As 1978 ground to its drear conclusion, Britain entered a particularly acute period of industrial strife, which came to be known as The Winter of Discontent. IPC, publishers of Cheeky Weekly, had already suffered the effects of industrial disputes earlier in the decade, and there were indications that trouble was again brewing when Cheeky Weeky dated 02 December 1978 was reduced from the usual 32 pages to 27. No reason for the page reduction was given in that issue, but most readers would have guessed that some sort of strike or work to rule was the cause. This thread on the Comics UK forum suggests that the majority of the disputes that affected IPC's output in the 70s were at the printers rather than at IPC itself.

The following week's issue was also truncated, although gaining an extra page on the previous week to make it only four pages shorter than normal.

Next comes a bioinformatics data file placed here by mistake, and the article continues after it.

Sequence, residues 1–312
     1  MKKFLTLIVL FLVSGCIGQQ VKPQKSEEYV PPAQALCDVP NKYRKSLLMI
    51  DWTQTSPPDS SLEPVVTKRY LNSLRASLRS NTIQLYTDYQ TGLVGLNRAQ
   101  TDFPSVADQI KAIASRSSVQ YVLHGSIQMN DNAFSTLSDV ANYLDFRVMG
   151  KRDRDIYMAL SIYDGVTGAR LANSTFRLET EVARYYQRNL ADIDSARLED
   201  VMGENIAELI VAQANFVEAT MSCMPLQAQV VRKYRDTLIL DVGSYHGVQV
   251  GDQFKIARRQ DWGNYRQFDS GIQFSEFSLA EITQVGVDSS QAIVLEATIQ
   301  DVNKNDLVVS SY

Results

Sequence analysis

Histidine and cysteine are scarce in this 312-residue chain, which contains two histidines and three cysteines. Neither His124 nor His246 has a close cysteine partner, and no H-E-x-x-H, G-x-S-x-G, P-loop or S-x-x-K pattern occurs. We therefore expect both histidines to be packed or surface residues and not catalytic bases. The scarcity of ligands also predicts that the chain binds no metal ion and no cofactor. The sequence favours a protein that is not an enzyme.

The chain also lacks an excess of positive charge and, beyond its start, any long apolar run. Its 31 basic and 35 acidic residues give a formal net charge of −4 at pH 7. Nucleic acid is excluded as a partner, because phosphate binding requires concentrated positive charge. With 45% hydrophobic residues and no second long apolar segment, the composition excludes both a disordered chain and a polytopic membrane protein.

Whatever the dispute that had caused the reduced issues, it must have worsened, as no Cheeky Weekly appeared for the following 3 weeks.

I don't remember where in London I was working at the time, but for a number of years I would visit newsagents near my various places of work during my lunch break on the day my comics of choice were published. I would then smuggle my purchases back into the office under my coat, as I didn't want my colleagues to know I was a comic reader. I don't recall asking the newsagent why there was no Cheeky Weekly during the period in question - I think I just assumed it hadn't appeared due to a strike or somesuch, but checked a couple of other newsagents, just to be sure.

We can be sure that no issues were published with cover dates 16, 23 and 30 December 1978 because the episode of Mystery Boy featured in the first issue after the break (dated 06 January 1979) continues directly from that in the 09 December 1978 issue in which Sandy was abducted by two German airmen. Also, there was a message across the top of page 2 of the 06 January 1979 issue (which was a full 32 pages) reading "Sorry we've been away - glad to be back for the new year, pals!"

It was particularly frustrating that one of the lost comics was what would have been the Christmas 1978 issue. However, I believe that most if not all of the material prepared for that issue was eventually used in one form or another - see these posts.